Monthly Archives: March 2012

Niamey by night

The bar is called The New’s. The blue and white painted walls encircle a courtyard of broken mosaic tile. The crowd pours back beer in amber bottles, men in tight fitted t-shirts and suit jackets sitting statuesque and bored or a handful losing their shit on the dancefloor. A flickering strobe cycles through all the colors of the rainbow. On the wall next to the bar, a projector broadcasts a WWF match and Big Show talks into a microphone, translated in Arabic subtitles, but there is no sound. An old electric roulette machine flashes lights. It’s slightly slanted. Every space is filled with the flooded out music of the bar band. They’re out of tune and out of step with one another. It’s Zirma rock, but it sounds like free jazz. The singer does his round of the tables, microphone in hand, singing praises to the people sitting there, who affect this passive stance as he yells into their faces and hovers over their table like a mariachi band at a Tex-Mex restaurant, waiting for his tip so he can move on to the next table. A slight wind blows and mixes the scents of cigarettes and stale beer. The waitress collects her orders and returns with a blue wicker basket full of cans and bottles. No one asks me for a drink, looks in my direction, or talks to me. The band keeps playing and I can swear the drum has no kick pedal, in any case, it’s not mic’d and it’s drowned out by the clipped vocals of the lead singer. I look beyond the courtyard where a building of concrete and rebar stands in some state of transition — I’m unable to determine if it’s unfinished or falling apart.

Orchestre Lomko Star, Le New’s, Niamey

the reuse of old objects

Radio Hanna Broadcast

Radio Hanna is housed in an old dilapidated cinema in Gao, Mali. Vestiges of the movie theater remain: rusted seats on the balcony and a giant projection screen — flanked by piles of wood, wandering goats, and a woman pounding a mortar and pestle. Families rent the various rooms in what otherwise seems to be a massive brick courtyard. Radio Hanna’s office is up some crumbling stairs in the former projection booth.

Takamba is the music of Gao. Nowhere else does the droning terhardent and clash of the calabash dominate the frequencies. Muffled by the hiss of old cassettes and the crackle of radio, the music is interspersed with the layering of vocal shout outs — the original griot shouting praises for long vanished patrons, and Radio Hanna’s MC with his secondary announcements layered on top of the old takamba, another message relayed on an old vehicle.

white horses

It’s quiet in the dusty bus station, save for the hum of the fluorescent lights. The bus stands like a monument, a behemoth yellow vessel with its logo emblazoned on the side — a map of Niger and a galloping white horse. In the dark corners of the yard still bodies of the awaiting passengers sleep, bodies shrouded in sheets. Between morning and well after night, before the sun has decided to lighten the sky, the driver starts the engine, a rumbling idle that announces our imminent depart.

We climb onto the bus into half sleep confusion, shadows and profiles searching for a place. A friend’s remark rises from memory of how every journey starts in a battle, struggling for a seat, but the long hours bind us in solidarity. We drift into that delirious half sleep dreaming of potholes and cracked asphalt.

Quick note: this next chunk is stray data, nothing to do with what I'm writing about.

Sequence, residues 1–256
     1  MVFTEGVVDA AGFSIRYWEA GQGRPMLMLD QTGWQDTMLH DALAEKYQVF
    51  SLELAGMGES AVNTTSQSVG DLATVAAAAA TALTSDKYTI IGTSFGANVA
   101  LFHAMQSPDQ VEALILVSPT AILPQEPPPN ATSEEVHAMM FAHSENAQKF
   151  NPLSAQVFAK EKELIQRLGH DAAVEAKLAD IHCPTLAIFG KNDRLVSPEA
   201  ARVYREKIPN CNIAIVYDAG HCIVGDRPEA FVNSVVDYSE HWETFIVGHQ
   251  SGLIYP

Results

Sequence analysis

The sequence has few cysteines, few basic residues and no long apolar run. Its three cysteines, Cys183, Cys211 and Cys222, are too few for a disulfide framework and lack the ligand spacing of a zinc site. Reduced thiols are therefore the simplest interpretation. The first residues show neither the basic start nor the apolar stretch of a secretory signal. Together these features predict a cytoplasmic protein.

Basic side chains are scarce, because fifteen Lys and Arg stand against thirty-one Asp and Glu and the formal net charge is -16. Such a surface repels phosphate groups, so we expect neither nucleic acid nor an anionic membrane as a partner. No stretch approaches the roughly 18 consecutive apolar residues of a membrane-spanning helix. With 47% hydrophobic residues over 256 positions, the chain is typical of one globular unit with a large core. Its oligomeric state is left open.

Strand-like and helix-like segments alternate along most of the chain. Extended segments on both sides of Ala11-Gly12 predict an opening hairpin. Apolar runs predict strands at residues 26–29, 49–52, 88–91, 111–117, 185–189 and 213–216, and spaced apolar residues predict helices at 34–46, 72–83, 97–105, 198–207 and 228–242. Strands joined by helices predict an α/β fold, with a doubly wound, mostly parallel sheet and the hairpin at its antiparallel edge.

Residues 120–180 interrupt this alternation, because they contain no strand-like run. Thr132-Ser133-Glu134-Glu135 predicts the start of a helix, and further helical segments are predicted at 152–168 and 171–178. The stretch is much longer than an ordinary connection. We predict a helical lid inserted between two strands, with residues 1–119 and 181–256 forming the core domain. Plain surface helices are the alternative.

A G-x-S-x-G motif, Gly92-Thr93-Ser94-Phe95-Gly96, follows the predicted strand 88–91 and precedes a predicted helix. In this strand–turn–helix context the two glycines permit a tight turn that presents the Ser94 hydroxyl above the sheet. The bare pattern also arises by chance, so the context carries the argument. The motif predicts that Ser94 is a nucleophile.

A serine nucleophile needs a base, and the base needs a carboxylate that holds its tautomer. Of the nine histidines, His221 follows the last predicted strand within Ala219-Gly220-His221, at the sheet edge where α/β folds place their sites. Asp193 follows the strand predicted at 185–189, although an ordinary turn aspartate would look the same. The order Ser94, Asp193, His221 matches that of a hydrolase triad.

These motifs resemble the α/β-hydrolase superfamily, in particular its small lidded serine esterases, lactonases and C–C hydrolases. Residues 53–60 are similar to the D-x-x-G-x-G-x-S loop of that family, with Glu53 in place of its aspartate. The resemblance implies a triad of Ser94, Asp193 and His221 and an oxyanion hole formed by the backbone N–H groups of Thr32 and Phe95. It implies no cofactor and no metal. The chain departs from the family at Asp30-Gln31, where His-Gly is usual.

In the darkness, a young woman dies. Her body collapses in the aisle. There is confusion and shouting, the crying of her two children that meld together in a single drone, the panic and uncertainty and fear. She lays there in the dark for a long while, the bus continues, on the hope perhaps that somewhere down the line, there is someone who knows what to do. Her hand is cold as the plastic floor of the bus. We cover her in a blanket and ride with her body until the first prayer, arriving at a city, where we descend from the yellow bus and wait.

Her body is removed and the voyage continues, without a trace but for the silent glances between us. But the other passengers are soon gone too, replaced with new ones: an old woman with yellow bracelets draped in brown robes, a young girl with two two lines furrowed into her cheeks and delicate henna designs on her hands, a soldier in camouflage with matching red socks and beret. As the sun peaks at noon and descends into the colorless haze of dusty winds, I realize that I can’t recognize any of the passengers anymore, only the cold aisle of a bus, the memory of a nameless death, and the gallop of white horses.

somewhere outside of niamey, niger, bus

festival au desert pt. 2

There are a lot of festivals in the desert. Two features of nearly every festival are the sub-standard sound systems and traditional tende. Unfortunately, most of the time the tende is distorted beyond comprehension. Fortunately in the case of Festival Shiriken the equipment is so bad that the amplifier burns out after the first few hours, and the tende has to be performed as per tradition — acoustic, and encircled by towering camels.

Tende is a drum, a style of playing, a rhythm, used in exorcism of the sick, amusement in the evenings, and here, played in a festival to accompany the end of a camel race. In this particular tende, the small girls sit in the sand of the festival clearing playing the tende while mounted camels run in circles around them, towering beasts that step perilously close to the singers who seem to have complete trust in the camel jockeys (an perilously close to myself as well, finding circle as well, surrounded by aforementioned camels).

Alamnou w/ tende from Alghadad

The tende here is performed by girls from Alghadad, a nomad camp not far from Aboukan. The principal singer of the group is Alamnou, pictured below in the center.